Coleman v. Colvin
MEMORANDUM AND ORDER: IT IS HEREBY ORDERED that Colemans motion to alter or amend the judgment (#24) is DENIED. Signed by District Judge Stephen N. Limbaugh, Jr on 4/11/2018. (JMC)
UNITED STATES DISTRICT COURT
EASTERN DISTRICT OF MISSOURI
SANDRA FAYE COLEMAN,
NANCY A. BERRYHILL,1
Deputy Commissioner of Operations,
Social Security Administration,
Case No. 4:16-CV-1546-SNLJ
MEMORANDUM AND ORDER
The Commissioner of the Social Security Administration denied plaintiff Sandra
Coleman’s applications for Disability Insurance Benefits under Title II of the Social
Security Act and Supplemental Security Income under Title XVI of the Social Security
Act. She sought judicial review (#15), and this Court affirmed (#22) the Administrative
Law Judge’s (“ALJ”) decision. Now, Coleman asks the Court to alter or amend its
judgment (#24). The Commissioner did not respond, and the time for doing so has
Coleman makes three arguments in asking the Court to alter or amend its
First, Coleman argues her residual functional capacity (“RFC”) does not fall
somewhere in the middle of light and sedentary work because she can stand and walk no
Nancy A. Berryhill is now the Deputy Commissioner of Operations, Social Security
Administration. Pursuant to Rule 25(d) of the Federal Rules of Civil Procedure, Nancy A.
Berryhill is substituted for Acting Commissioner Carolyn W. Colvin as the defendant in this suit.
more than two hours in an eight-hour workday. As this Court explained, some parts of
Coleman’s RFC are consistent with light work, while other parts are consistent with
First, Coleman can lift and carry up to 20 pounds occasionally (very
little up to 2.67 hours in an 8-hour workday). This is consistent with light
work. 20 C.F.R. §§ 404.1567(b), 416.967(b). Second, as explained above,
Coleman cannot carry 10 pounds frequently (2.67 hours to 5.33 hours in an
8-hour workday) because she cannot walk or stand more than 2 hours in an
8-hour workday. And although lifting requires being on one’s feet, “[t]he
lifting requirement for the majority of light jobs can be accomplished with
occasional . . . stooping.” SSR 83-10, 1983 WL 31251, at *6. Coleman
can occasionally stoop, which means she can perform at least a reduced
range of the lifting that light work requires. Third, Coleman’s 2-hour
standing or walking restriction is consistent with sedentary work. 20
C.F.R. §§ 404.1567(a), 416.967(a). Fourth, Coleman can sit for 6 hours in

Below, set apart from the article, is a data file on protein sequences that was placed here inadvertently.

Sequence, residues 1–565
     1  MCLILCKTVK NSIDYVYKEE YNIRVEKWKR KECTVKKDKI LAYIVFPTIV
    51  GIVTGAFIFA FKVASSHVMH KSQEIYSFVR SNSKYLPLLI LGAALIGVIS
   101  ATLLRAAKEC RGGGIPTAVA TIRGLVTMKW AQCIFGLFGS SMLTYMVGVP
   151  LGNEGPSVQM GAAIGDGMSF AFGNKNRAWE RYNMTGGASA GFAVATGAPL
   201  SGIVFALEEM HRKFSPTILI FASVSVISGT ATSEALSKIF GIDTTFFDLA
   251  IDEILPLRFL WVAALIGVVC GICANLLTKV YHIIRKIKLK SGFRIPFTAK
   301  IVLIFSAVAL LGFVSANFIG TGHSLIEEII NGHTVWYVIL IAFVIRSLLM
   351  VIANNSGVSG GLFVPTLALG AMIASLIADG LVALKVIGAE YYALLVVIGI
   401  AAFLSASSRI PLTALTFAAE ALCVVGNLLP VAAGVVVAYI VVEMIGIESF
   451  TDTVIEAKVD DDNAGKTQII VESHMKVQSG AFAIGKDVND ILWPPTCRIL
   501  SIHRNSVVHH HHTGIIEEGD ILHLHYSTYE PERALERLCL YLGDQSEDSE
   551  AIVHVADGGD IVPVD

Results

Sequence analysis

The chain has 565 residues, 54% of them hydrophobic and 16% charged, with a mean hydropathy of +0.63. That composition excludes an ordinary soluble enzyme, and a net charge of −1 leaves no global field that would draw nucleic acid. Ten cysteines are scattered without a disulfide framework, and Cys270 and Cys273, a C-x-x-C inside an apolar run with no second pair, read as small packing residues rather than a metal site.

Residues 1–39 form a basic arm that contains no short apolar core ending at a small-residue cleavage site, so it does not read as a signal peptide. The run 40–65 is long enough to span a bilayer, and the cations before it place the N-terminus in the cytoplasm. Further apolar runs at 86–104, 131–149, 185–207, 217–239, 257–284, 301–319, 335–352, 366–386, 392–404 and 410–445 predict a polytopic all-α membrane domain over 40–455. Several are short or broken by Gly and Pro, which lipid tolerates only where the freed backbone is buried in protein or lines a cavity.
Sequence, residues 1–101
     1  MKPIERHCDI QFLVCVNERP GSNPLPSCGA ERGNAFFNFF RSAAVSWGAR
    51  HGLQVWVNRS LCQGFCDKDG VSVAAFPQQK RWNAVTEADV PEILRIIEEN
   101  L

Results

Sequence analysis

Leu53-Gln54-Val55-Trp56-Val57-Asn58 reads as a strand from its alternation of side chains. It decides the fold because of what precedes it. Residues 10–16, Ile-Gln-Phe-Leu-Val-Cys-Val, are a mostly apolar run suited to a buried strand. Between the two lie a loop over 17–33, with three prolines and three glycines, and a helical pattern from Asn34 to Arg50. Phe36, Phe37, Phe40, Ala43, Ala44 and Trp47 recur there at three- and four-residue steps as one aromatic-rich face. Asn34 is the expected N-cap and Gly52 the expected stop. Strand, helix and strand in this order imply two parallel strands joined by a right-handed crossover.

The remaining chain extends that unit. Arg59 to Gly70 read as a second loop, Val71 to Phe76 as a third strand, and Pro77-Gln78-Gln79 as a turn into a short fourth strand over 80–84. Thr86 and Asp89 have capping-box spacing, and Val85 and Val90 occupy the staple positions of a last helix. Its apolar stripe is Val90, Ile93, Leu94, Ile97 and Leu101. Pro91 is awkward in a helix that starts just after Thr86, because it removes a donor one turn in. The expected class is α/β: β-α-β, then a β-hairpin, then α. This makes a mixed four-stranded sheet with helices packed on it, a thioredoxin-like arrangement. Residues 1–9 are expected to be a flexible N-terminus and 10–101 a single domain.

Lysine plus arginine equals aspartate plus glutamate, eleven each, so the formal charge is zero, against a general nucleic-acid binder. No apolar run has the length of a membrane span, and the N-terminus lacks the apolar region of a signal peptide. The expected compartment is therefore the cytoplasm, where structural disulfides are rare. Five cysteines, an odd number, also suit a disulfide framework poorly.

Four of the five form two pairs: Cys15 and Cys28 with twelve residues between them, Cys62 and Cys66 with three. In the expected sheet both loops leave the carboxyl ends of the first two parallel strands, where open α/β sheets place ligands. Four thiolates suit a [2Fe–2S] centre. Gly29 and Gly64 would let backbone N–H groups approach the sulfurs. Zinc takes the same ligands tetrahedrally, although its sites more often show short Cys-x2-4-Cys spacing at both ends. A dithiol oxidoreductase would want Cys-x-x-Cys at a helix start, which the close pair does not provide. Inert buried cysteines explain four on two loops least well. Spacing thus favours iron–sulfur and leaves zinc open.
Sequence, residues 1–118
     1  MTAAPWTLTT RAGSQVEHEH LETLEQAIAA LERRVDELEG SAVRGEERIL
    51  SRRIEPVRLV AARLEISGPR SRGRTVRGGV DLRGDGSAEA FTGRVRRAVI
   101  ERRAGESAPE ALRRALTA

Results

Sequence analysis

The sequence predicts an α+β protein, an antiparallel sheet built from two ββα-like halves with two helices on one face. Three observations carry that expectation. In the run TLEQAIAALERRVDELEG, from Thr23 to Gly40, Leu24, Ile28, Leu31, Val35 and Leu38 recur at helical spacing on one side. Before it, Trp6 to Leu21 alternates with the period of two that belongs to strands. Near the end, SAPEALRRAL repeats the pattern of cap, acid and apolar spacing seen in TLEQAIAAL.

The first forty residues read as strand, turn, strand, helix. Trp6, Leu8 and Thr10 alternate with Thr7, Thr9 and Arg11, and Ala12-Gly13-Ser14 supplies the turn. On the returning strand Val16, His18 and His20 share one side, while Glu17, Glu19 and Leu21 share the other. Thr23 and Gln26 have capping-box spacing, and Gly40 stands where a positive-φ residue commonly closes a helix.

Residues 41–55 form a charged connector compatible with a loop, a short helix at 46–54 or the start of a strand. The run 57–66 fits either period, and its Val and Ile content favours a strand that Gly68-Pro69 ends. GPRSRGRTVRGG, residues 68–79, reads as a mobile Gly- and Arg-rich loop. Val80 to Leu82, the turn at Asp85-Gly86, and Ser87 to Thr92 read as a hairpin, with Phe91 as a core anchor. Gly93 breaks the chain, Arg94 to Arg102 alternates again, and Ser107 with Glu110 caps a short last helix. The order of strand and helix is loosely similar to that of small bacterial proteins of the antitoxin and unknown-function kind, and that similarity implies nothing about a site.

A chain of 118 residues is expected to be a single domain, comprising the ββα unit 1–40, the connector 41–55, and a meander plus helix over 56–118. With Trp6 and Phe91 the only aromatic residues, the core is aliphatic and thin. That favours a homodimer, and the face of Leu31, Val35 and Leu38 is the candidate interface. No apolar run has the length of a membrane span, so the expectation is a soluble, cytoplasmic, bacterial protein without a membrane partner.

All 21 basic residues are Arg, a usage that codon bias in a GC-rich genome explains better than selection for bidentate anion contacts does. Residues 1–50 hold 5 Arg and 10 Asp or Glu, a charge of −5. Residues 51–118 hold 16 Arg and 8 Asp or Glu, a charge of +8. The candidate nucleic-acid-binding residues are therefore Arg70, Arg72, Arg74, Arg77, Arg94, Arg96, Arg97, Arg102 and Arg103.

an 8-hour workday and occasionally use foot controls on the left. Light
work can involve “sitting most of the time with some pushing and pulling
of arm or leg controls.” 20 C.F.R. §§ 404.1567(b), 416.967(b). This is also
consistent with at least a reduced range of light work.
(#22 at 11.) “While Coleman cannot perform a full range (substantially all of the light
work activities) of light work, she clearly can perform more than just sedentary work.
Coleman does not argue that she is unable to perform those parts of her RFC that are
consistent with light work.” Id. For the second time, and for the same reasons, this
Second, Coleman argues the Court erred in relying on Stone v. Colvin, No. 4:14CV-494-ACL, 2015 WL 1433469 (E.D. Mo. Mar. 27, 2017). In Stone, the claimant
could stand and walk up to four hours in an eight-hour workday. Stone, 2015 WL
1433469, at *8. Because four hours of standing and walking clearly falls between light
and sedentary work, Coleman claims, Stone is distinguishable. But this Court did not
rely on the facts of Stone. Instead, this Court explained Stone stands for the proposition
“that an ALJ still should elicit VE testimony when a claimant’s RFC falls between light
and sedentary work, even if the occupational base for light work is significantly
reduced[.]” (#24 at 12.) As explained above, Coleman’s RFC falls between light and
sedentary work. As much as Coleman wants to focus on her standing and walking
restriction, light work involves more than just standing and walking. This error runs
through all of Coleman’s arguments, just as it did when she first sought judicial review.
Third, Coleman argues the Court applied an incorrect standard of review by
analyzing only whether the ALJ’s decision was supported by substantial evidence.
Instead, the Court also should have analyzed whether the ALJ applied the correct legal
standards. This argument misunderstands the Court’s analysis. After finding that
Coleman’s RFC contradicted itself, the Court found the RFC still fell somewhere
between light and sedentary work. Because Coleman’s RFC fell somewhere in the
middle, the ALJ correctly applied the law and used the Grids as a framework. SSR 8310, 1983 WL 31251, at *3 (Jan. 1, 1983). Next, the ALJ correctly applied the law and
relied on vocational expert testimony to determine the erosion of Coleman’s occupational
base for light work. Id. Coleman’s argument fails.
IT IS HEREBY ORDERED that Coleman’s motion to alter or amend the
judgment (#24) is DENIED.
So ordered this 11th day of April 2018.
STEPHEN N. LIMBAUGH, JR.
UNITED STATES DISTRICT JUDGE
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